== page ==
AARP working to improve Texas living facilities after shortcomings during Harvey

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AARP working to improve Texas living facilities after shortcomings during Harvey

The AARP has released a new report listing ways to improve assisted living facilities in Texas after their poor response to Hurricane Harvey.

You may remember the viral photo of a woman in a wheelchair, waist deep in flood water, at the La Vita Bella nursing home in Dickinson.

RELATED: Dozens rescued from nursing home underwater in Dickinson

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Viral photo of residents in waist deep water in Dickinson nursing home


The report says the incident happened because the facility was not evacuated in a timely manner. They were fined $550.

"State leaders, assisted living facility operators, and the public should heed the lessons of Hurricane Harvey to avoid similar problems in the future," said AARP Texas Director Bob Jackson. "As the hurricane season moves into a more dangerous phase, we need to keep a watchful eye on these vulnerable Texans and take the necessary steps to protect them."

Three other assisted living facilities were also cited after the hurricane.

Lakewood Personal Care
  • The facility was only cited for 14 residents, but 21 individuals were found to be sleeping there when inspectors visited.

  • One resident had an 8 inch long and 5 inch wide wound that was "bloody, open and had pus," according to the report. His wound had reportedly been healing until it "reopened when he walked through flood waters."

  • State Inspectors reported that the facility's inner walls were not repaired after the flood, which inspectors say placed residents at risk of health issues.


Lakewood Personal Care 2
  • The facility did not have an emergency preparedness and response plan.

  • Residents were left unattended during Hurricane Harvey.

  • Residents were evacuated to the George R. Brown Convention Center where they stayed for three weeks. The facility was fine 1,000.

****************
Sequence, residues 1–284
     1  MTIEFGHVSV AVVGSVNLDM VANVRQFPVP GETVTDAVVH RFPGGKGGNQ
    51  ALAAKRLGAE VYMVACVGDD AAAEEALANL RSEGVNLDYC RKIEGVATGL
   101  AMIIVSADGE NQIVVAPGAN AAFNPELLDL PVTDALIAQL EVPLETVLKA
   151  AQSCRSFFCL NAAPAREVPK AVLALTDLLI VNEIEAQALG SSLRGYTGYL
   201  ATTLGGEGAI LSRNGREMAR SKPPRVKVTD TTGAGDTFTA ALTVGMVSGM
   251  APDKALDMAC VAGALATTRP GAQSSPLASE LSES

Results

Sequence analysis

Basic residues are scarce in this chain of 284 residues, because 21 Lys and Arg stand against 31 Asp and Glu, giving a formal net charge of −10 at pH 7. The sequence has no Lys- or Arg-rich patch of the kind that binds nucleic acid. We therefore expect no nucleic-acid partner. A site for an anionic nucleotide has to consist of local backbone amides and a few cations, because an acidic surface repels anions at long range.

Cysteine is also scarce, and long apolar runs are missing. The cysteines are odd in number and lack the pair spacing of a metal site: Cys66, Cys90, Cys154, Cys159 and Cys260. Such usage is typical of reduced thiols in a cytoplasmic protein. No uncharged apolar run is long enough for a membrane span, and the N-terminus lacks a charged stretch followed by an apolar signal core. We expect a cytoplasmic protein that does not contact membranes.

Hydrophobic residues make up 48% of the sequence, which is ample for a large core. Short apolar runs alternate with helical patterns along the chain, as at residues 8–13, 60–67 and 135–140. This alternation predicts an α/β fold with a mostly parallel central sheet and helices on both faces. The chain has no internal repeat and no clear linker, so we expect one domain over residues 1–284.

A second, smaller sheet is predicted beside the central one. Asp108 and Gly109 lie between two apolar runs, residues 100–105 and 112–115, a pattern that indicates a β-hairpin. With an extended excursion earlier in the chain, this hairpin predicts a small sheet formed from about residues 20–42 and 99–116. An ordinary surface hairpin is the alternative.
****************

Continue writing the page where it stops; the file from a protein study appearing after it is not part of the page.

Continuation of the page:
Vitality Court
  • Four days before Hurricane Harvey the City of Victoria had issued a mandatory evacuation order. The facility evacuated all residents except one.

  • According to state inspection documents, once in Cedar Park, facility administrators realized that someone had been forgotten. Administrators called the Victoria Police Department, who entered the facility and found the forgotten resident in her locked room. She was transported by EMS to a local hospital.

  • Inspection reports show the administrator failed to follow the facility's own plan and did not report the incident to the state, as is required by law. Two violations were substantiated, but no fines were assessed.


La Vita Bella
  • According to the state inspection documents, the administrator of La Vita Bella made the decision to have residents shelter in place. When flood waters began filling the facility and it was necessary to evacuate, none of the vehicles identified in the emergency preparedness and response plan were on site.

  • Texas HHSC investigators found that the facility also had a contract with an ambulance company that requires 72 hours' notice for evacuation. The Texas HHSC inspection report states that failure to initiate evacuation in a timely manner resulted in residents sitting in waist-deep flood water for hours, awaiting rescue.

  • Nearly eight hours after the facility began to flood, help arrived in the form of a resident's family member, who brought a boat and was able to use plastic-covered mattresses to transfer four residents from the facility to a local hospital. Meanwhile, the other 11 residents were evacuated by two Army trucks from Texas City. These residents were taken to temporary shelters before being moved to a nursing facility. The facility was fined $550.
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